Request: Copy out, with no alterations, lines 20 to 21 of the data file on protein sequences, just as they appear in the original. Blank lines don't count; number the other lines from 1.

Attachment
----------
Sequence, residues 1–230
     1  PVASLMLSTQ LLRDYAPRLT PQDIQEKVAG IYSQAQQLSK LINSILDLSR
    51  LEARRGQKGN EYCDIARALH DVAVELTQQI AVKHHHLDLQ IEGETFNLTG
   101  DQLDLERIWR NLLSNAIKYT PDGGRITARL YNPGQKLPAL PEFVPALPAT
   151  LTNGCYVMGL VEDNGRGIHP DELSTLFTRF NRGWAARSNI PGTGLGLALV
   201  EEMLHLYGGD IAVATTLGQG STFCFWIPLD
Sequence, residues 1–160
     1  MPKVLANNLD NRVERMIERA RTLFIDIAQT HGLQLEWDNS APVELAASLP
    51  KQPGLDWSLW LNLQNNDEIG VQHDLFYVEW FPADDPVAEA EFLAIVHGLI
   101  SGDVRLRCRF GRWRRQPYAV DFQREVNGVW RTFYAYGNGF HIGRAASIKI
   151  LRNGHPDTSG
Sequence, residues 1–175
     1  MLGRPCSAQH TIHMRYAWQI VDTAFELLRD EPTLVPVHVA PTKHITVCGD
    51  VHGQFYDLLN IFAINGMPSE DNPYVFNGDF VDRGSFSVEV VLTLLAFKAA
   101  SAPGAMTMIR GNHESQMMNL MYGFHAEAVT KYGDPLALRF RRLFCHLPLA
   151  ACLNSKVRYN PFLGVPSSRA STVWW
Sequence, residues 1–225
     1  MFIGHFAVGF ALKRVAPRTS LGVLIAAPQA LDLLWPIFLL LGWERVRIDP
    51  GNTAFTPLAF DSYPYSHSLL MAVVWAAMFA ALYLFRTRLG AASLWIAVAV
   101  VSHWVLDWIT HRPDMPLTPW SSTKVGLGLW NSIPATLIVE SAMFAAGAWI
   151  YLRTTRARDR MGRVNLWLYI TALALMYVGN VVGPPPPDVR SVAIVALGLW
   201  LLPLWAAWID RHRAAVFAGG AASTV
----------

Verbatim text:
   101  VSHWVLDWIT HRPDMPLTPW SSTKVGLGLW NSIPATLIVE SAMFAAGAWI
   151  YLRTTRARDR MGRVNLWLYI TALALMYVGN VVGPPPPDVR SVAIVALGLW